It was fun to joke about the Beacon, as if it actually made the weather, during my KFYR days. The TV station control operator (me, five nights a week) was in charge of changing the weather beacon to reflect the updated forecast throughout the broadcast day. On our program log in the control room, in between entries for commercials and programs, were occasional reminders to update the weather beacon.

There was a panel in the weather room with six buttons on it: red, white, green, flashing red, flashing white, and flashing green. These switches are still in a rack at the TV station, even though they are have not been connected to the Beacon for quite some time. Last I remember, the KFYR Radio control guys switched it by dialing a phone number (no, I’m not posting that here).

The poor Beacon almost faded into history in 1997. It was showing its wear, and the cost of modernizing it was prohibitive. That was, however, until KFYR Radio rode to the rescue. Phil Parker and Mark Armstrong headed an effort to Save the Beacon!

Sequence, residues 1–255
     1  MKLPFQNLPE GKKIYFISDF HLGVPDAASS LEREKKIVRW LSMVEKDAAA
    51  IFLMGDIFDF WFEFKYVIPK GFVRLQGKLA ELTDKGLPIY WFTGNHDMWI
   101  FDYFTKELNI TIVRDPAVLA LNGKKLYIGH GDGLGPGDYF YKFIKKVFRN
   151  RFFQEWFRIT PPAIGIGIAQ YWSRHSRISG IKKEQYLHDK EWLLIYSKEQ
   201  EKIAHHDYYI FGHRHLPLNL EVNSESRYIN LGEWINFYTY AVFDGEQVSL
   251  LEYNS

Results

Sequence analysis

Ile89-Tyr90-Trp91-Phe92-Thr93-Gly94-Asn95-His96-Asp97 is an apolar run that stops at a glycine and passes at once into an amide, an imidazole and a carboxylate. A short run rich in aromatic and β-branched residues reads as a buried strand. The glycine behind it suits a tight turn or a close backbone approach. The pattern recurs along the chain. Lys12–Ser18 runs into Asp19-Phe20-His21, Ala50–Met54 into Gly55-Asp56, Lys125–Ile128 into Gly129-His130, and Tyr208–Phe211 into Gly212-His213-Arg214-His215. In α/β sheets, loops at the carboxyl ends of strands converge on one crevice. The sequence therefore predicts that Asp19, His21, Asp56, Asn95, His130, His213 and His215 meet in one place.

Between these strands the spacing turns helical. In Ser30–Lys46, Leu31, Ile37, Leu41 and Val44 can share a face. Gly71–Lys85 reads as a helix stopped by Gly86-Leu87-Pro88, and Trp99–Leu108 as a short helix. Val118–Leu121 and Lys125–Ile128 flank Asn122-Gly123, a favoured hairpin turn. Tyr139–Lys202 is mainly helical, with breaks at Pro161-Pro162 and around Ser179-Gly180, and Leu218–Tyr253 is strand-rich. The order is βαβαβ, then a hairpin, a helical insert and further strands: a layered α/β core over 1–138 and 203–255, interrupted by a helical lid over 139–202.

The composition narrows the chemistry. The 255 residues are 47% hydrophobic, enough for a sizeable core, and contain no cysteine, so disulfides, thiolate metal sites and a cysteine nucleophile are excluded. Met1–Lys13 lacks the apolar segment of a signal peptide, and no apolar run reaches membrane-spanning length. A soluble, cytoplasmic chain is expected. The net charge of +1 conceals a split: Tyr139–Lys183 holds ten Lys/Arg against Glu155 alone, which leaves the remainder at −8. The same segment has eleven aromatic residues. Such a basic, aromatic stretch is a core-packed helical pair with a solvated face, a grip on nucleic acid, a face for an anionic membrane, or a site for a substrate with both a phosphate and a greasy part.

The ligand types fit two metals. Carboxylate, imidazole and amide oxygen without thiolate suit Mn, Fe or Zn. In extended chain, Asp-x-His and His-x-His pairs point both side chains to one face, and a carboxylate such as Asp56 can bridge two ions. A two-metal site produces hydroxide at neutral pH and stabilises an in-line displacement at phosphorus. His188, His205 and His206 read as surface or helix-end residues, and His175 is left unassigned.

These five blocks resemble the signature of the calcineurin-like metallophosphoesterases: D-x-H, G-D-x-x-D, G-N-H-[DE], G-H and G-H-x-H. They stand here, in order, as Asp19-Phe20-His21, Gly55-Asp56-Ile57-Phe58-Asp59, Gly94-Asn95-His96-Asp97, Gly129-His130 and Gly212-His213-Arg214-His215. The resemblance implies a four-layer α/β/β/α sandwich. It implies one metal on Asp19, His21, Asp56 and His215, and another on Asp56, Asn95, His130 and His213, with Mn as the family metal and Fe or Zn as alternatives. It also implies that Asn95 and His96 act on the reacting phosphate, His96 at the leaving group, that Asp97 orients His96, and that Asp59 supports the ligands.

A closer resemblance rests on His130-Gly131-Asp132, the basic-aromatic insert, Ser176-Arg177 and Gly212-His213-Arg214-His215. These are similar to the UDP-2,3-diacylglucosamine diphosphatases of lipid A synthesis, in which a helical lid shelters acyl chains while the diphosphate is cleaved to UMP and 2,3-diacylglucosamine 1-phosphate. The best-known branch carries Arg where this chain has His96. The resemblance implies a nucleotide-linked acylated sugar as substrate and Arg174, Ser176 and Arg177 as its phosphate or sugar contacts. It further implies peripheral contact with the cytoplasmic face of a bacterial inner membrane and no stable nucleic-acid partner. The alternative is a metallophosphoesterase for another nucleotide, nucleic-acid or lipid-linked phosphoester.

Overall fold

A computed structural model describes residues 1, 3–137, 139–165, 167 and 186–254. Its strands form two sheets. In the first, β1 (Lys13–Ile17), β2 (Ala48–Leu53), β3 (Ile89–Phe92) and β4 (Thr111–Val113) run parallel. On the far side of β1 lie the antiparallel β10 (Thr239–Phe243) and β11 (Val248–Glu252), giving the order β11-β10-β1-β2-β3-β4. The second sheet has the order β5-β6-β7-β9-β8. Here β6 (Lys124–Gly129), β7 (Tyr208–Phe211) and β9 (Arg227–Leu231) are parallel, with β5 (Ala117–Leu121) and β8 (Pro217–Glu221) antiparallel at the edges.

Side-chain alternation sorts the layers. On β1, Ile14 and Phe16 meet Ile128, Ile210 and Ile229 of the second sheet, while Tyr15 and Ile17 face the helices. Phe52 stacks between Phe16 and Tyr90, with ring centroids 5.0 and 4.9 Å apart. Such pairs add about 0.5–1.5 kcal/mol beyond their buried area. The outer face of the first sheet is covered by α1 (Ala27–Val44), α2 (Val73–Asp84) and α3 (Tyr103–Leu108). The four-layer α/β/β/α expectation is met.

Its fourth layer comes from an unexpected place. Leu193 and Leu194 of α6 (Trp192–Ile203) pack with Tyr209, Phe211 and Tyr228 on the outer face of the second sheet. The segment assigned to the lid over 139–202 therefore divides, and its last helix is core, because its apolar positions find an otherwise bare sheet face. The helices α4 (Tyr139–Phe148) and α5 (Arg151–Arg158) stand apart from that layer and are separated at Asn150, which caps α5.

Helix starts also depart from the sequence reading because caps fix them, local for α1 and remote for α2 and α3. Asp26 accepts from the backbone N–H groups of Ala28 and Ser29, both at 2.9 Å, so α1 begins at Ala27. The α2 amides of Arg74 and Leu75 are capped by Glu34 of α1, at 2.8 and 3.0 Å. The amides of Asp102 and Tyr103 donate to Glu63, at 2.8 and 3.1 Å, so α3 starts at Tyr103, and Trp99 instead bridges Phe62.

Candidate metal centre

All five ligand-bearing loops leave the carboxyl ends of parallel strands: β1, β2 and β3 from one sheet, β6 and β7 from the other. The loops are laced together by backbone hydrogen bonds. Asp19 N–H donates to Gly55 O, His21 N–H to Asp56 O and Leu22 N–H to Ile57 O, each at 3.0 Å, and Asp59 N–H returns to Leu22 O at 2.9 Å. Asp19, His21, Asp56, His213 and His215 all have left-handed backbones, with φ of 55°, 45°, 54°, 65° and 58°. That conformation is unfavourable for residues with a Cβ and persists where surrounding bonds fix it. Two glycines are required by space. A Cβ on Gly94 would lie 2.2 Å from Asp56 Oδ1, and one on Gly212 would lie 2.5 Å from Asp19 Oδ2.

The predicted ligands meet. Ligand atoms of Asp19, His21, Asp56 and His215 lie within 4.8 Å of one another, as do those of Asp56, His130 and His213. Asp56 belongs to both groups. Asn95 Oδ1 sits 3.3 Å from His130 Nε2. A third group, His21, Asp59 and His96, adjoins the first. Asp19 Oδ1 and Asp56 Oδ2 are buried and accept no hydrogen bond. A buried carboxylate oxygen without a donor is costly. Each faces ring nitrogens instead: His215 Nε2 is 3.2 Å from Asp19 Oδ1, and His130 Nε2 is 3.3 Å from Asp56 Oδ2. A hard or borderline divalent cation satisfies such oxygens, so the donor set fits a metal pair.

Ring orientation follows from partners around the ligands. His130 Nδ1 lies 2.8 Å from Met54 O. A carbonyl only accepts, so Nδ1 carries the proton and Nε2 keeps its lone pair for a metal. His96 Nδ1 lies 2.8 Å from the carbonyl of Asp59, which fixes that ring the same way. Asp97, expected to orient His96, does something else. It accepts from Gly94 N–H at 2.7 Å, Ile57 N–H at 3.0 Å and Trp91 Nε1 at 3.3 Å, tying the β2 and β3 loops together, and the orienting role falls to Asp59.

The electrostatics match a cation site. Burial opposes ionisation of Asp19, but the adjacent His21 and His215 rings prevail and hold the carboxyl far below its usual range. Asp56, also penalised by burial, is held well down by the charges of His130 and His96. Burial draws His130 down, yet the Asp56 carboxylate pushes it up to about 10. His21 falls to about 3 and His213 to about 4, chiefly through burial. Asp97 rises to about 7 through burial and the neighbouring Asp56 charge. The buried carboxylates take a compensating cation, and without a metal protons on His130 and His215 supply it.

At this time, Meyer Broadcasting was still intact. While I was hard at work on the TV side of the building, I also freelanced the website for KFYR-AM Radio. As part of the campaign to save the Weather Beacon, we had a couple of pages on the website urging people to help donate.

You can click here to see the original Save the Beacon page from my archives. Yeah, the Web has come a long way.